The Telegraph
Tuesday , March 25 , 2014
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A father determined to sulk, complicate and antagonize a party leadership to ensure his candidature even though he is past retirement age can only jeopardize the political prospects of his son and heir. Why on earth would one generation want to do this to another? What ‘principle’ is being questioned here? Neither has the father come out to wholly oppose the new leaders in his party, nor has he explained what happened within the party that prompted him to become a rebel at this late stage in his career. If the ‘father’ is ideologically opposed to the new avatar of his party, surely he should lead the charge whatever the end result? Every public comment of his smacks of attempts to hedge his bets, hoping that the party would succumb to his pressure tactics. The drama now verges on being a farce. It has compelled the son to go on ‘sick leave’. What else could he have done in the final act of the play with his political future at stake or at least in a kind of limbo?

Then there are those who are fleeing from various political dispensations to join what they assume is a rising national power. A senior journalist has said quite emphatically that his new leader is the only person who can restore India and rescue it from the complete breakdown of governance and administration. He has made his position and allegiance quite clear, and has every right to change his mind on fundamental issues.

Others who cannot get tickets from their parties are trying any other outfit that will welcome and accommodate them. These are the opportunists. However, all of them seem to have one thing in common — a desire to be on the seats of power at the Centre regardless of which constituency and people they represent. They are mere pawns on the chessboard. These leaders are not committed to democratic politics in this dynamic sub-continent.

Pampered lot

This kind of opportunism that defies political ethics is both shameful and frightening. For a reporter watching the scene unfold, these sub-plots provide comic relief. None quite knows what India will decide at the hustings. The only clear signal is that change is imminent this time round. Sadly, the battle is going to be one-sided. A predictable Congress, lacking fresh ideas or action that can grab the eyeballs in rural and urban India, is lagging behind on all counts. The only thing that can save the Congress from a debacle is the possibility of votes being cast on the grounds of caste and community. These social fissures, which have been encouraged by politicians over the years, have led to the creation of vote-banks.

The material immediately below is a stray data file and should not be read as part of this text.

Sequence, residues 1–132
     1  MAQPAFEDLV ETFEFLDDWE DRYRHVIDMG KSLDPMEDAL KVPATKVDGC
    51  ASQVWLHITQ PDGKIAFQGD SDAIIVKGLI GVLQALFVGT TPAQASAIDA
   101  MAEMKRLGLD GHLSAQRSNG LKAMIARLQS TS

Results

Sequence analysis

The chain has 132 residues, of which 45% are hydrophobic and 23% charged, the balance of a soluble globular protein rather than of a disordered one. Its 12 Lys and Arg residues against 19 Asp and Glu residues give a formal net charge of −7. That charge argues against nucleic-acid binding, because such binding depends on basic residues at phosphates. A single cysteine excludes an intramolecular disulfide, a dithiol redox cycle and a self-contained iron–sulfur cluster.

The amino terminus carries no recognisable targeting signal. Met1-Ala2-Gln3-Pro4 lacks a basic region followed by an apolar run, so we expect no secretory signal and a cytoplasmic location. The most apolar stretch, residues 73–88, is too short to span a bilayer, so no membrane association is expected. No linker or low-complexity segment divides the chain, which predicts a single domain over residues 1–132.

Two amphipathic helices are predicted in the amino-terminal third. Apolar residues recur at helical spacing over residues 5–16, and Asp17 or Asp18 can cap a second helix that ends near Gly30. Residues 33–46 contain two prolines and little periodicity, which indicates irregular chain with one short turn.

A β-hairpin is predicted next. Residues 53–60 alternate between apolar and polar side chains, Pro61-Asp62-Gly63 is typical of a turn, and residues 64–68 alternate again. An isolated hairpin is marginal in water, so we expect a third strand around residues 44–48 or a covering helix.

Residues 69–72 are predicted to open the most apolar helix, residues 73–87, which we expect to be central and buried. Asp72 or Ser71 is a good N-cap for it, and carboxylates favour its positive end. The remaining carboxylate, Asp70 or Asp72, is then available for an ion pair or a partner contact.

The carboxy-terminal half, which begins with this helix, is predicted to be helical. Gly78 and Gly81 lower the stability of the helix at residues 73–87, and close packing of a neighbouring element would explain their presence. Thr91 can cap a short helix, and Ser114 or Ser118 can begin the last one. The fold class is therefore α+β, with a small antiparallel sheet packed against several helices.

Chances are that those old equations would not dominate this election, leaving the Grand Old Party in a spot of bother. Over the past six decades, political parties have misused the diversity of India that was finely woven into its fabric. The diversity — the true strength of this nation — has been weakened by blocking out enlightened thought and action. The intent has been to make one lot confront the other and divide the country and its people to stay on in power.

Here is a thought — if every member of the Lok Sabha and the Rajya Sabha is stripped of the perks and privileges, like free palatial accommodation in New Delhi, and given small apartments with an attached bathroom and kitchenette only for the time they are in the capital to attend Parliament sessions, we might end up getting true representatives who are committed to their constituencies and to delivering the goods and the services that India is crying out for. Pampering these men and women with subsidies has corrupted their minds and souls and destroyed the fabric of India. It is time to begin India’s tryst with destiny in earnest.